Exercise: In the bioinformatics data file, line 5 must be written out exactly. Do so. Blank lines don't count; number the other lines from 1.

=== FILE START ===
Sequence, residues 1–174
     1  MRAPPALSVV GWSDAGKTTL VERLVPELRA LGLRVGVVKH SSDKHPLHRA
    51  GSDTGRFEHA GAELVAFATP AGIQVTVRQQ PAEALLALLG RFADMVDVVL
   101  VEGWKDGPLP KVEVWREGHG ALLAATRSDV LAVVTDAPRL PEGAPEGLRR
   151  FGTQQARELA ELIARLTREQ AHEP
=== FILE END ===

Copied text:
   151  FGTQQARELA ELIARLTREQ AHEP